I think that it is important to show that women can excel, especially in areas that are often male dominated. More importantly, I think it is important to highlight the new ideas and leadership styles that women bring to the table. While reading Marie C. Wilson's Closing the Leadership Gap, I realized how both men and women can benefit when women are encouraged to take on leadership roles. We should strive to do everything we can to encourage the next generation of female leaders.

    What is a most favorite/least favorite memory as a student?
    I have lots of great memories from my time at KU (too many to list), but I have always enjoyed having coffee with Dr. Cigler and discussing the state of the nation. My least favorite memory was my first month at the University. I had taken a year off from college and came from a small town in central Kansas. I was intimidated and scared about whether I would live up to my expectations. I had many sleepless nights worrying about my ability to handle college life.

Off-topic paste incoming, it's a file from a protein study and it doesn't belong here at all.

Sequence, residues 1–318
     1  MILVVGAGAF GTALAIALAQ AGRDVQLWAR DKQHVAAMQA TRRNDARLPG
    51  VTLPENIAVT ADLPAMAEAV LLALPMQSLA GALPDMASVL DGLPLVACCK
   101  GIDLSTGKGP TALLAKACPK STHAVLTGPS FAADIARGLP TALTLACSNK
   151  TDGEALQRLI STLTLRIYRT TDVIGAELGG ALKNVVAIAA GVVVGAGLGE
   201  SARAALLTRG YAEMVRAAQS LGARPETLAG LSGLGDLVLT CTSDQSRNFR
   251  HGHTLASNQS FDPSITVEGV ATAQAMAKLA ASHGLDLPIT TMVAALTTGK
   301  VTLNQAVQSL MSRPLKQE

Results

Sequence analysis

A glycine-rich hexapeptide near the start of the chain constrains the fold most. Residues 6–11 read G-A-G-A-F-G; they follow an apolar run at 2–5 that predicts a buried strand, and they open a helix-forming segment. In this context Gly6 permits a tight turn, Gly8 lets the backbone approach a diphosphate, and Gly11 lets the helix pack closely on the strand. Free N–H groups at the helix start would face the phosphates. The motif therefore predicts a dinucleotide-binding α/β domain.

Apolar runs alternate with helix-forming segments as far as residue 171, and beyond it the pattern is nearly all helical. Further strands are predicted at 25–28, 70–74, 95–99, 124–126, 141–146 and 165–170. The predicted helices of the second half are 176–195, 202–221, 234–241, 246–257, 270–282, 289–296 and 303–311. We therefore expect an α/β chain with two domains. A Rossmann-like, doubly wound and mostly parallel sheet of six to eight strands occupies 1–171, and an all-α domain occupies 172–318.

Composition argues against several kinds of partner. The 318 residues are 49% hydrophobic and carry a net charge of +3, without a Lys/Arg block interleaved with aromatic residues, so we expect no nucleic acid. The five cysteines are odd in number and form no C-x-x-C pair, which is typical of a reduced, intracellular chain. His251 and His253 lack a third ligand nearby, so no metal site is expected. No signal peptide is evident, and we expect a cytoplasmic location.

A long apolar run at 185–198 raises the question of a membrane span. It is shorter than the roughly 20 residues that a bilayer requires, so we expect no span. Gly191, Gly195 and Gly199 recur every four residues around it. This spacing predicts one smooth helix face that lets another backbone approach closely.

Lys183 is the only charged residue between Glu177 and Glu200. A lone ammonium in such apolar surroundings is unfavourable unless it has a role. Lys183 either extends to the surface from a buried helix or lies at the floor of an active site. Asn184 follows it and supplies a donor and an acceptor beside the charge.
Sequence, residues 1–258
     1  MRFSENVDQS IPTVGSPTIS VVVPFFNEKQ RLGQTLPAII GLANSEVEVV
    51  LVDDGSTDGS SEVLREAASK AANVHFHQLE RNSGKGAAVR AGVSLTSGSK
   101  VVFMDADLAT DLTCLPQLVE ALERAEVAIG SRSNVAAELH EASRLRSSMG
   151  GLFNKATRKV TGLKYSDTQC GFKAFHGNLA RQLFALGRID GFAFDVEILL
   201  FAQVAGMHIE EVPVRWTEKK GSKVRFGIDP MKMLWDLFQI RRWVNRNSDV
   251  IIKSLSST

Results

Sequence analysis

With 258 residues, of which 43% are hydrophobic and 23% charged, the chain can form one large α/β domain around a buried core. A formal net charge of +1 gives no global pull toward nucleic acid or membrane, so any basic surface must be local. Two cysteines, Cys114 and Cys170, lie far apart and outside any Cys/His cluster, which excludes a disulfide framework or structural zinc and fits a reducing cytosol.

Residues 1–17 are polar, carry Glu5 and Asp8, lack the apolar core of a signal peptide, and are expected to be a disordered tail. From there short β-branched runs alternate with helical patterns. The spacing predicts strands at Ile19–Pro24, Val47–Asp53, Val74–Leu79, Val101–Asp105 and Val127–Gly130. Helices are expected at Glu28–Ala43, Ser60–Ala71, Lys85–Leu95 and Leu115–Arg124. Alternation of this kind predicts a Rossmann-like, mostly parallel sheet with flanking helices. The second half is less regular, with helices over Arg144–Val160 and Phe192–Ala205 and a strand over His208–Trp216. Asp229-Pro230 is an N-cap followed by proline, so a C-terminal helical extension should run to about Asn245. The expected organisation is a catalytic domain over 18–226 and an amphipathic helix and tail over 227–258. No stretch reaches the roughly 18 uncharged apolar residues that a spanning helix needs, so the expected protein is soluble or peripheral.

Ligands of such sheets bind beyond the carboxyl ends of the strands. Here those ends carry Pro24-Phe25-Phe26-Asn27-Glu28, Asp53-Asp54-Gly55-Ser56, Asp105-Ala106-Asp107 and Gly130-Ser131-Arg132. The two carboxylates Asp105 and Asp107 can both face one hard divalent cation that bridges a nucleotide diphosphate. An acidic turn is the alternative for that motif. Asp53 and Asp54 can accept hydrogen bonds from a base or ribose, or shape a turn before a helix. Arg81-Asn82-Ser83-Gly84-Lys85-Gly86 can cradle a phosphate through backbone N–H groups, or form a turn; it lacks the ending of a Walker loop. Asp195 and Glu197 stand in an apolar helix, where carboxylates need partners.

What is your definition of success?
    To be happy with where I am on many dimensions family, community involvement, school, working, etc.

    Go back to the Emily Taylor Women's Resource Center home page